Core Faculty member and Professor at HMS and Dana-Farber Cancer Institute, William Shih, Ph.D. and his lab are using DNA’s self-assembling capabilities to construct three-dimensional shapes made from folded strands of DNA, including nanostructures that can encapsulate and deliver drugs. They have created DNA-based nanoparticle vaccines that display tumor antigens and immune-boosting adjuvant molecules with specific shapes to maximize their efficacy. His team has also been able to weave strands of DNA together to create long “nanoribbons,” which can grow up to tens of micrometers in length, with a mass almost one hundred times larger than a typical DNA origami. These ribbons could be used to detect minute amounts of a target molecule for diagnostics.

DNA: From blueprint to blank slate
DNA-PAINT (left) creates much more detailed microscopy images than standard methods (right), allowing scientists to peer more closely into the phyiscal structure of life. Credit: Wyss Institute at Harvard University

Another Core Faculty member of the Wyss Institute’s Molecular Robotics Focus Area and HMS professor, Peng Yin, Ph.D and his team are harnessing DNA’s base-pairing structure for a number of different applications. One of their technologies, called DNA-PAINT, produces a flash of fluorescent light whenever a single “probe” strand of DNA binds to its complementary “target” DNA strand in a sample. DNA-PAINT dramatically improves the accuracy of microscope images, and has been licensed to Ultivue. Another technology called toehold probes, enables the detection of DNA sequences down to the single nucleotide level, and is being commercialized by Torus Biosystems and NuProbe to help diagnose cancer and infectious diseases.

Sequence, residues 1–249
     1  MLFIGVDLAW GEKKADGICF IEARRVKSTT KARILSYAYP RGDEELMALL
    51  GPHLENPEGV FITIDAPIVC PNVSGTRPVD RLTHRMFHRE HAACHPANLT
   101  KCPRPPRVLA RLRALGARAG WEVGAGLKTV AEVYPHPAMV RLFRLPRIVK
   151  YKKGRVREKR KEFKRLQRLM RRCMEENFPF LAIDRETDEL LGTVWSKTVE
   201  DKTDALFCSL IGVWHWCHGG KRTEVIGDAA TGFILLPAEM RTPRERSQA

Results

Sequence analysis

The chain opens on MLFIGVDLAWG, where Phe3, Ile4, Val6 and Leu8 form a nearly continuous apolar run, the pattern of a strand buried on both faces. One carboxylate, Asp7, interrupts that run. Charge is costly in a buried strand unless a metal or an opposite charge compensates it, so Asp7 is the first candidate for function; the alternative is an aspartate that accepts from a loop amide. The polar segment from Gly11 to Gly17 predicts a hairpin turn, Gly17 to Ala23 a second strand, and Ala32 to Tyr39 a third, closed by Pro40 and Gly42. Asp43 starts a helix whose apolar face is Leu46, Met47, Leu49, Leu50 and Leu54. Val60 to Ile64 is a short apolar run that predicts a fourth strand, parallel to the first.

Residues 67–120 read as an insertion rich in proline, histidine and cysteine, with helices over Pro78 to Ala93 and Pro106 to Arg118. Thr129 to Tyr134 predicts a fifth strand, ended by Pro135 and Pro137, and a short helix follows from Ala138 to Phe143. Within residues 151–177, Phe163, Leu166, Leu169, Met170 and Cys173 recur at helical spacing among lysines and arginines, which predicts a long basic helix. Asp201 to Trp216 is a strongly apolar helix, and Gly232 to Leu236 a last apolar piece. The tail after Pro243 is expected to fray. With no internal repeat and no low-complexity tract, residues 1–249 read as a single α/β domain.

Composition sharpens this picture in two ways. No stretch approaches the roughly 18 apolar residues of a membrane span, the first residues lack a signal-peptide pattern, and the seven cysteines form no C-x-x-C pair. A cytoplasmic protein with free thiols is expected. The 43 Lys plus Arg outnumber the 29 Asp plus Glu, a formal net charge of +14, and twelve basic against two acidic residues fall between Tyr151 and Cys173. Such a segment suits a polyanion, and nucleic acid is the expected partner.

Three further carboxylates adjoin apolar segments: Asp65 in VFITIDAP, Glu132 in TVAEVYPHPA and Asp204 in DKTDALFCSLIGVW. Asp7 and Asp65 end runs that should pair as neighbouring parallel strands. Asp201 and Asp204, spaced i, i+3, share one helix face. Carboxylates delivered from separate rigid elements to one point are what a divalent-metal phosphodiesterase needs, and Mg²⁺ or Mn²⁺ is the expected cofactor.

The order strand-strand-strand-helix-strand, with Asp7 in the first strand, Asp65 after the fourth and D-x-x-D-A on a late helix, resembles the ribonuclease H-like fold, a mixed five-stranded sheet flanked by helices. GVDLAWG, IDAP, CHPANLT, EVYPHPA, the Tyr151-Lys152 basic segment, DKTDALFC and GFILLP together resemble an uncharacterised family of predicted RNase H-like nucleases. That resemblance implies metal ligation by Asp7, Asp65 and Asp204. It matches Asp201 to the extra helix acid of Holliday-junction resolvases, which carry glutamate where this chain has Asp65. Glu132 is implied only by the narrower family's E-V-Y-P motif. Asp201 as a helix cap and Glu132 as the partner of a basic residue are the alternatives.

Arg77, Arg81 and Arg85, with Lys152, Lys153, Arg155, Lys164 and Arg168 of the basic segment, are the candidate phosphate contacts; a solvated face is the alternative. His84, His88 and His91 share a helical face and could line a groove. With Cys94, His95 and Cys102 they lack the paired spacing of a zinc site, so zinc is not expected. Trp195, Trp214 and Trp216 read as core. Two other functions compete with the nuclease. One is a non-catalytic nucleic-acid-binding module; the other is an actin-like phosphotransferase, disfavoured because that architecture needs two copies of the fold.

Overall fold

Gel electrophoresis, a common laboratory process, sorts DNA or other small proteins by size and shape using electrical currents to move molecules through small pores in gel. The process can be combined with novel DNA nanoswitches, developed by Wyss Associate Faculty member Wesley Wong, to allow for the simple and inexpensive investigation of life’s most powerful molecular interactions. Credit: Wyss Institute at Harvard University

To allow researchers around the world to reap the benefits of DNA-based analysis methods without expensive equipment, Associate Faculty member and Associate Professor at HMS and Boston Children’s Hospital Wesley Wong, Ph.D. and his colleagues have created DNA nanoswitches. When DNA nanoswitches bind to a target biomarker, such as a protein or mutated DNA fragment, they change their shape. This shape change can be observed using simple and inexpensive gel electrophoresis, yet provides rapid and highly sensitive detection. This approach can be used to engineer diagnostic tests that work in a variety of different settings, including low-resource areas. The Wong lab has recently been adapting their nanoswitch detection technology to meet diagnostics challenges posed by the COVID-19 pandemic. DNA nanoswitches can also allow researchers to analyze individual molecules’ mechanical properties using a benchtop centrifuge, making single-molecule force measurements accessible to more scientists.

The explosion of uses for DNA over the last half-century since its double-helix structure was discovered is a testament to the power of harnessing billions of years of evolution to solve some of humanity’s most pressing problems. Whether in research labs, pharmaceutical companies, or hospital settings, it is clear that DNA will drive technological innovation for decades to come, and the Wyss Institute looks forward to continuing to help uncover DNA’s secrets and abilities.